I have several Foscam Cameras around the outside of my house. They’re very easy to setup, tolerate the outdoor conditions admirably, and are incredibly affordable for what they offer.
As with everything else around my house, I like to build software that customizes my view into my home (or in this case, outside my home). To that end I’ve build an app I call Argos that lets me monitor all sorts of sensors on my property.
Once I installed the first set of cameras I wanted to be able to implement some views that would display the current video stream from each camera. After looking into the documentation I discovered that the cameras I have offer two types of video streams: windows streaming video (asf) and motion JPEG.
I don’t have a lot of experience writing software to handle video streams. But as I read the basic description it seemed that a motion JPEG stream is just an http stream that continually pushes out a series of jpeg images.
Oh, well that’s easy. Right?
Well, not so fast.
What Is Motion JPEG?
It also turns out that there is no such thing as a true motion jpeg standard. However, there are two typical implementations, Motion JPEG-A and Motion JPEG-B. Motion JPEG-A supports the concept of markers, while Motion JPEG-B does not. This difference is important. For the rest of this discussion however all we need to know is that the Foscam camera stream is Motion JPEG-A.
A Motion JPEG-A stream looks (to me) a lot like a multipart email message. There are several sections, each separated by a long string of semi-random characters. Within each section is some encoded (or not) binary data that represents the object in that section. In our case, each section is a JPEG image.
We can see what this looks like by using the
It just goes on and on like this.
We can see in the header of the response that the boundary text will be
ipcamera, and the two lines following each boundary include the content type and the content length.
So How Do We Parse This?
This is the basic approach to parsing a data stream like this:
- Read in the first chunk of data
- Does the chunk contain a boundary marker?
- If so, is that boundary marker the first boundary marker?
- If it is the first one, then skip it.
- Is there another marker? If so, then we have a complete image.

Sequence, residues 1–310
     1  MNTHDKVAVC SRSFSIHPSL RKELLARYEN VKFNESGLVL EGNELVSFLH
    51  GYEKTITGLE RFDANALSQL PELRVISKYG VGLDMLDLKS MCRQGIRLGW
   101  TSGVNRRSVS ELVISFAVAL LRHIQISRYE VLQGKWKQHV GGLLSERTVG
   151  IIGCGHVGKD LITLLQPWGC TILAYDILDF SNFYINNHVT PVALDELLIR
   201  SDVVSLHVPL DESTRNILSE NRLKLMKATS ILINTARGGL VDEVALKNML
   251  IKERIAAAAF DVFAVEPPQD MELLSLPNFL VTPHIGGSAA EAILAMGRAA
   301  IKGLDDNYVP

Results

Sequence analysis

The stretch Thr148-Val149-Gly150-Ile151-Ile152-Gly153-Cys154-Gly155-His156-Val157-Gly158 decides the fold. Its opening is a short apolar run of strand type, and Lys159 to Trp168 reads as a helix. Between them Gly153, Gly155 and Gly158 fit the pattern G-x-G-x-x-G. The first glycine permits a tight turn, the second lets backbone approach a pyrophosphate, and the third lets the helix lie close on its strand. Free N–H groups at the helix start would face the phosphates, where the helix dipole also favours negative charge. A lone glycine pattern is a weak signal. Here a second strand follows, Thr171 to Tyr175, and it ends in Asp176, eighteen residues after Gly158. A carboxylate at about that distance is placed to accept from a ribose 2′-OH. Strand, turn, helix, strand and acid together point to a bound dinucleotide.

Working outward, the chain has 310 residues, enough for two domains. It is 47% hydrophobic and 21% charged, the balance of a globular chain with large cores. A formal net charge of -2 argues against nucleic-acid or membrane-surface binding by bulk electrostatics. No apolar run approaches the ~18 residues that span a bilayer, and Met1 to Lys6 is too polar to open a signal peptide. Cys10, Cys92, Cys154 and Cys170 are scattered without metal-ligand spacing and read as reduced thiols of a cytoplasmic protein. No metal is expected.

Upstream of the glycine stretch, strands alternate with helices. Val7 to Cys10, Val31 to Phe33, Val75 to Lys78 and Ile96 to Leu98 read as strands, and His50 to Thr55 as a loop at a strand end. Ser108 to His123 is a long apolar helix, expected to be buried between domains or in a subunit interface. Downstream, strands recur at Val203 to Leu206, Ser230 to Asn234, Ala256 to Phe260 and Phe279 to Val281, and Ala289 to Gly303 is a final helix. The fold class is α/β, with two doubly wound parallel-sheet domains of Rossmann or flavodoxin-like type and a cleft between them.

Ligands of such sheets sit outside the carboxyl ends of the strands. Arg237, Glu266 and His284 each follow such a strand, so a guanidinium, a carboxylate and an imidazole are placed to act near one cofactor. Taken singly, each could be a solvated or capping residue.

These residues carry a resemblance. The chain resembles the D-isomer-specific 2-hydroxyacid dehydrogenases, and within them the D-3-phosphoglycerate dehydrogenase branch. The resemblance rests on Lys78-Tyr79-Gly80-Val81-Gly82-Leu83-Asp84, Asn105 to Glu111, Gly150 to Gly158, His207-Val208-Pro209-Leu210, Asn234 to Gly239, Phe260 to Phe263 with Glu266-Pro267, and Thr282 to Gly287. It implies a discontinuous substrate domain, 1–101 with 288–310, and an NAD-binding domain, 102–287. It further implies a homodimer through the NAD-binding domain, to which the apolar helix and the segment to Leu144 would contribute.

- If we have a complete image, find the start and end of the image, remove those from our buffer, and process the image.
- If we do not yet have a complete image, append the data to the buffer, and wait for the next chunk of data.
The key here is that we never know how many chunks it will take to make one image. In an ideal world we’d just get one chunk per image and we could throw that right into an
NSData object and convert it to a
Here’s the code I have so far for parsing the Motion JPEG stream:
The heart of the code is in
func URLSession(session: NSURLSession!, dataTask: NSURLSessionDataTask!, didReceiveData: NSData!) . That’s where we attempt to see if we’ve hit the end of an image, and if so, extract it from the buffer.
So far the code works fairly well, except that from time to time when I attempt to make a
UIImage out of this I get a failure. I’m not sure if my data out of my camera is bad (unlikely) or if I’m just messing up the process of extracting the data (much more likely).
What I’m currently not doing, but probabaly should be doing, is using the
Content-Length header to verify the length of the image data before passing it off. I do wonder if that wouldn’t be a far more reliable way to extract the data from the buffer.
Beyond cleaning up the code a bit and trying to make it more reliable, I would love for this view to include some other nice features down the road, like the gesture recognizers to allow me to implement panning/tilt via gesture. Several apps dedicated to IP Camera viewing do this, and it wouldn’t be very difficult at all to get it right.